In a perfect world, every film would begin with the opening sequence of Purple Rain. Not like the opening sequence of Purple Rain, mind you, but quite literally with the very first 8 minutes of Prince’s epic, epochal (p)opera simply tacked onto the front end of every movie ever, like some kind of pulse-quickening, nipple-hardening Academy Leader. Exultant backbeat, flicker of mirror shades and vinyl-clad cleavage, rampant, full frontal eyeliner applications, lascivious fret-fingering, and oh those glorious planes of neon slicing across each and every preening tableaux!
Precise, heady, momentous, and manic, it’s a crosscut feverdream of camp, bombast, and cool, converging upon the beatific, cravat-festooned silhouette of our hero, “The Kid”—all tremble and grind. The wall of sound and image which announces Purple Rain is a singularly cinematic curtain raising, a herald of “show time” siphoned from the ur-overture itself.
As for rest of the movie, what can we say? Prince eats some Doritos, pines for a guitar in a window, predatorily humiliates Apollonia, falls into—then learns the better of—the sins of the father. Dr. Fink makes a wisecrack, some admittedly awesome basement groping goes down, Wendy and Lisa affirm their value as band mates, and Prince’s small heart grows three sizes that day.
But for all its over-seriousness and overt silliness, all that really needs to be said about the 90 minutes draped so lovingly between those performance set pieces, is that it is still so much better than it ever had to be. Any film featuring the entirety of this album is already awesome by default, but Purple Rain is a better movie written for a song than most songs written for a movie.
Some musicless moments even border on truly great. The unrequited love of the cocktail waitress, Morris’s extended true-colors shudder alone backstage in the film’s penultimate scene. The showcases of The Kid’s rowing parents are the most surreally overwrought and illegible domestic exchanges shot by an American director in the 80’s besides Hopper or Lynch. Even beyond the narrative urgency and authorial sweep of each musical number, we can marvel at our inability to recall a movie that has so thoroughly and trustingly given itself over to long unbroken shots of one man from the waist up.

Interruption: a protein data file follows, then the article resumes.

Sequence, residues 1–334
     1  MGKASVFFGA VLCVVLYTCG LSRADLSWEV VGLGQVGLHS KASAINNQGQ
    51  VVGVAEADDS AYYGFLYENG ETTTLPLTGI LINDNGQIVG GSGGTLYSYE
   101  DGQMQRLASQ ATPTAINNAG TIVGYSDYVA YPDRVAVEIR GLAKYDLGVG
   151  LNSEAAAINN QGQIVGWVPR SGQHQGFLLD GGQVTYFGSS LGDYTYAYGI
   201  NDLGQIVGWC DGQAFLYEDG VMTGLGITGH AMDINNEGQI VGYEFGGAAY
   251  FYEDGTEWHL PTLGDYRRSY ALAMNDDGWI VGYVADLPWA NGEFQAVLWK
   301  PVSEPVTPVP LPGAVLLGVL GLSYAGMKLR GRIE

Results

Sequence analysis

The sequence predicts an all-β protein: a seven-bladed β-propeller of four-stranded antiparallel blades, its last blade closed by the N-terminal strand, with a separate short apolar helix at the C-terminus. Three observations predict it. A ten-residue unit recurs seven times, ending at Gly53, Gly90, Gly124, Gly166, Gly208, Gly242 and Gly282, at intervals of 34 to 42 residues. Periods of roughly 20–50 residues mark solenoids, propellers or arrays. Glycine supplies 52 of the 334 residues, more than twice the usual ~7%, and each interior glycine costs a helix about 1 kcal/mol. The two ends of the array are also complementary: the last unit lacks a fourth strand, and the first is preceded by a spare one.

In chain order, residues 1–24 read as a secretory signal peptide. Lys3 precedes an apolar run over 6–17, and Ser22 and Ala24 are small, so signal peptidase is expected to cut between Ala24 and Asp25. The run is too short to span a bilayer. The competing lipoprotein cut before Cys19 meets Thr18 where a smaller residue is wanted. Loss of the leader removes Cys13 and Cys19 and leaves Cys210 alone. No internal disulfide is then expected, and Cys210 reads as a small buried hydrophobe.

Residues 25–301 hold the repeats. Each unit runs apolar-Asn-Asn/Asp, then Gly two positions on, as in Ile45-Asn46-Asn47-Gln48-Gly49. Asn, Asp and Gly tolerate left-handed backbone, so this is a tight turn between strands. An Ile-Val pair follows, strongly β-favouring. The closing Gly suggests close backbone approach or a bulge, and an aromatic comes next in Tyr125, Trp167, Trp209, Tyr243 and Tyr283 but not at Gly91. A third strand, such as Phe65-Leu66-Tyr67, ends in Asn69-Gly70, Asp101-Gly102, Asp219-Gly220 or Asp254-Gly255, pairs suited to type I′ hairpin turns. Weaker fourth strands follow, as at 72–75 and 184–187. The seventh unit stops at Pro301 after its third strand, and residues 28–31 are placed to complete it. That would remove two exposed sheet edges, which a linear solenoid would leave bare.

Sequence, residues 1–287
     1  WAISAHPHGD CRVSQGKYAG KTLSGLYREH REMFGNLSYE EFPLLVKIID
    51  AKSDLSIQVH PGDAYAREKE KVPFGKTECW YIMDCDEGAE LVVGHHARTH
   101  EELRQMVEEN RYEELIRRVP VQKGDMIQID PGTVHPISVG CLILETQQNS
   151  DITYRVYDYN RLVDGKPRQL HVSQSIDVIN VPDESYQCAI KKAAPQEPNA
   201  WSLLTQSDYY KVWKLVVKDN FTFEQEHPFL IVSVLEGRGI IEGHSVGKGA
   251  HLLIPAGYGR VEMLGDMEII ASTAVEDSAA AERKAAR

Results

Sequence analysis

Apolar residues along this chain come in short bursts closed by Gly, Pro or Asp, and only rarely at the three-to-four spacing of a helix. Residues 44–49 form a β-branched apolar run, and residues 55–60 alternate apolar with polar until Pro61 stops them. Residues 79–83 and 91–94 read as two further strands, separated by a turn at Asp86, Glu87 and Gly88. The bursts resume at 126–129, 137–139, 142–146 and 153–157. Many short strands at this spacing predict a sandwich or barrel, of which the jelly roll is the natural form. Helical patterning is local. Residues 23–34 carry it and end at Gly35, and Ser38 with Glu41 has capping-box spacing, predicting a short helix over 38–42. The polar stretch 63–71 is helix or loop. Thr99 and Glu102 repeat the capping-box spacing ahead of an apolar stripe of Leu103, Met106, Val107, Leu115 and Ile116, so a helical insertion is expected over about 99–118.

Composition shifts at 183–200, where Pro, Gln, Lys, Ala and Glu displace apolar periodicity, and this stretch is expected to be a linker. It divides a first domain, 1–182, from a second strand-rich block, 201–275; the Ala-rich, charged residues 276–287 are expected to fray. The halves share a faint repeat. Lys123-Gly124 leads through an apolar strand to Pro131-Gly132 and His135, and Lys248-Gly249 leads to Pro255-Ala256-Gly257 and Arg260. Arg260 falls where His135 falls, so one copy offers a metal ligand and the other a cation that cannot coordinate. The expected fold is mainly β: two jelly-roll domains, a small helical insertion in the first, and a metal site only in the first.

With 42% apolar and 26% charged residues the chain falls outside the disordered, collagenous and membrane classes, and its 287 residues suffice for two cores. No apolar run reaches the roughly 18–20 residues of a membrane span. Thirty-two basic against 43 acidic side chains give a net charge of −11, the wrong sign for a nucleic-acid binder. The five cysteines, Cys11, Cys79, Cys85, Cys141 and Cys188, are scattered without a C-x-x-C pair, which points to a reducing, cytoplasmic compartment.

Perhaps few movies seem built to date as quickly, but 26 years later Purple Rain remains not only a rock movie paragon, but as sturdy as a self-styled mega-star autobiopic can be. By the time Michael Jackson got around to stretching himself across a feature film, it saw him saving kids from drug- peddling Gestapo and transubstantiating into a spaceship. Prince conceived a movie wherein he is a petty, paranoid, misogynist prick… in the parlance of the month, a douchebag.
Yes, it seems we are currently in the midst another once-in-a-generation, world-historic pop-event. But, whatever Ye’s pretensions toward MJ, the simultaneous sound of your own heart breaking and dick swinging is less King of Pop. than pure Purple One. (It’s also doubtful Kanye mastered the posture of apologizing for being too genius for this world by watching Captain EO.)
Purple Rain is ostensibly about the same egotistic reckoning—the trials and travails of trying to make what gets your dick hard, get everyone else’s dick hard too. Which is silly of course because by minute one there isn’t a soft dick in the house. And by the time Prince intones that dedication to Francis L. and the song "written by the girls in the band" begins to cascade from the screen, and those close-ups of those audience members (evermore revelatory upon each new viewing) take over the screen, and… if you know what I’m singing about up here come on, raise your hand.
Purple Rain the movie was massive hit, but the prestige picture of 1984 was another opulent and facile explication of the vagaries of haughtily dressed musical genius—Amadeus. As far as pop-prowess standing the test of time, even the real Wolfy is getting a run for his money, and Morris Day will always be my Salieri.